Strength in Numbers – Your Sober Support Team

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Individuals that are on the path towards living a clean and sober lifestyle will find it very useful to put extra effort into creating a sober support system before living an in-patient treatment center. Upon leaving a substance abuse treatment program, the structure at home and work can be stressful to a recovering addict or alcoholic. And it is certainly advised to stay away from old associates and places that are connected to the former lifestyle that involved getting and using drugs.

According to the Substance and Mental Health Administration (SAMSHA), there are 4 areas that can help in establishing a good recovery support system – health, home, purpose, and a community that includes relationships and social networks to provide support, friendship, love, and hope.

Strength in Numbers

When you surround yourself with healthy individuals that refuse to enable drinking or drug-using behaviors, it’s easier to keep moving forward and remain hopeful despite life’s challenges. Once a person in recovery severs ties with old acquaintances, staying social and active is still recommended. The more sober friends and activities you can find in recovery, the more you reduce your chances of coming into direct contact with triggers that may start a progression towards relapse.

Becoming stronger in recovery means having a self-care plan that includes work, relationships, and activities that will offer normal and healthy opportunities for socialization and to also provide a lifeline during times of mental, emotional, or physical struggle. A strong support system can also offset the tendency towards depression that some people experience during early recovery.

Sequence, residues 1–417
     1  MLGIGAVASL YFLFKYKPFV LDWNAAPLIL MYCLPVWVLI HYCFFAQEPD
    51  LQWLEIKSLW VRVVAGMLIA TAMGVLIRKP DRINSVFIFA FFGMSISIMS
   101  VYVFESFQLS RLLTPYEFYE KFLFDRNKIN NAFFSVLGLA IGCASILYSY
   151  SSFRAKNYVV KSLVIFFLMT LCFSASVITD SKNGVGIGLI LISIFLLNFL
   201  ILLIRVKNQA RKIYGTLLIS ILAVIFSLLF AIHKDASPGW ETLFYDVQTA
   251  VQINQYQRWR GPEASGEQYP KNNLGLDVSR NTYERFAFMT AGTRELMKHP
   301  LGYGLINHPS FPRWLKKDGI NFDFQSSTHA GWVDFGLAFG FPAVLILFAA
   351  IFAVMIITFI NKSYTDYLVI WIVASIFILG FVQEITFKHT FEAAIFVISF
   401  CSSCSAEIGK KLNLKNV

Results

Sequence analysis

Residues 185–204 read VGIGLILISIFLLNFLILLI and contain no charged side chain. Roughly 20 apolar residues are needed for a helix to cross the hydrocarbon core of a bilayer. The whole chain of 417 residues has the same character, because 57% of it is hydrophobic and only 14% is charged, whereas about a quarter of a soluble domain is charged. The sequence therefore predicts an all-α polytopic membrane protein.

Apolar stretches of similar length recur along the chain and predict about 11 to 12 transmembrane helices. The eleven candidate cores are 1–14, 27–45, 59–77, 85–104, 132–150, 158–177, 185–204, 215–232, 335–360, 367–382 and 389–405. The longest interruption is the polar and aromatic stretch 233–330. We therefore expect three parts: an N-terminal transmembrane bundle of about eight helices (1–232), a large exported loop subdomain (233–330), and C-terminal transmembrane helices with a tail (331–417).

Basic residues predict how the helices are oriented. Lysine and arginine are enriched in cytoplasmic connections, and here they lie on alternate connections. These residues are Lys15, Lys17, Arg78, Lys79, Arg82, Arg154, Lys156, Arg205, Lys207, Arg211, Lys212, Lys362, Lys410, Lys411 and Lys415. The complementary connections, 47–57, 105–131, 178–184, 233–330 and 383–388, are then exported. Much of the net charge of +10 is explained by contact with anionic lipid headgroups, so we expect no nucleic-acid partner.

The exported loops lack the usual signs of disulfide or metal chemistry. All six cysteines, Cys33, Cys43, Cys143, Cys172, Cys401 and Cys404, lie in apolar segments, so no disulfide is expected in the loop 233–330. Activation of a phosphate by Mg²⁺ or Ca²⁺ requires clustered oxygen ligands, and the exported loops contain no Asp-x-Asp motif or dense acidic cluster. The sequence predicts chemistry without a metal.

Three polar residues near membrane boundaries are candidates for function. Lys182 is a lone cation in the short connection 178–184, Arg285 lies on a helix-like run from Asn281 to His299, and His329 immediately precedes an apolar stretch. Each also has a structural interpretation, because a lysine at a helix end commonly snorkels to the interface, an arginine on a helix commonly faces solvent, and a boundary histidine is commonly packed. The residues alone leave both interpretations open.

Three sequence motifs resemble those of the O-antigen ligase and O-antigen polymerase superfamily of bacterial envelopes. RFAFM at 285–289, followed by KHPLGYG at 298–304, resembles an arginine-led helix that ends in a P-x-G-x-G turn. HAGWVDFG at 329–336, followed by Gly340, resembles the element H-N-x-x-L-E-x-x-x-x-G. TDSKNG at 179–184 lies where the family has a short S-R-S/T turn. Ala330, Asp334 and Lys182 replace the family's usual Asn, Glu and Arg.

Where to Find Sober Support

A good place to start looking for a sober support team is during treatment. Meeting up with your recovering peers at 12-step groups in the community is a good way to attend meetings and not feel like an outsider. When joining forces with others that are early in the recovery process, it is important to keep the activities based around sober places and sober activities. Here are some other ways to find people to build a sober support team while also staying social, staying sober, and still practicing self-care:

  • Outpatient Treatment – Here is an instant support group for those that are leaving inpatient treatment. Outpatient programs offer additional education in the disease of addiction while also giving new members a chance to share the newness of living clean in a supportive environment.
  • 12-Step Groups – At 12-step meetings you can get a sober coach and get involved in helping run the daily or weekly meetings. Once you get involved, you will likely find many people with years of sobriety that are willing to share a phone number or a conversation over coffee.
  • Community Volunteer – If activities that generate money are a trigger, volunteering in the community is a great way to spend some hours not thinking about yourself but, giving a helping hand to someone else.
  • Join an Exercise Group – This may not sound like a recovery-related activity, but most people who are exercising on a regular basis are living a healthy lifestyle – and these are the type of people you want to surround yourself with.
  • Family and Friends – If you have trusted family or friends that are sober, ask them directly if they are willing to be a part of your sober support team. You may want to let them know you will respect their boundaries of time and energy, because you want to be careful not to establish a codependent relationship.

Speak with a member of the Bay Area Recovery Center team to learn more about sober support systems that can provide a healthy foundation for living your new life in recovery.

William Smith

LCDC, SAP, ADC, Admissions Director

William, better known as Billy around here is head of our admissions team. If you inquire about any of our treatment services, you will most likely speak with Billy in some capacity. Billy is one of the most passionate people when it comes down to recovery. You don’t have to have a long conversation to understand how much he cares about helping others. A recovered addict himself, he knows how miserable it is for those and their families who suffer from alcohol and drug addiction. He has been a part of Bay Area Recovery Center since 2008.

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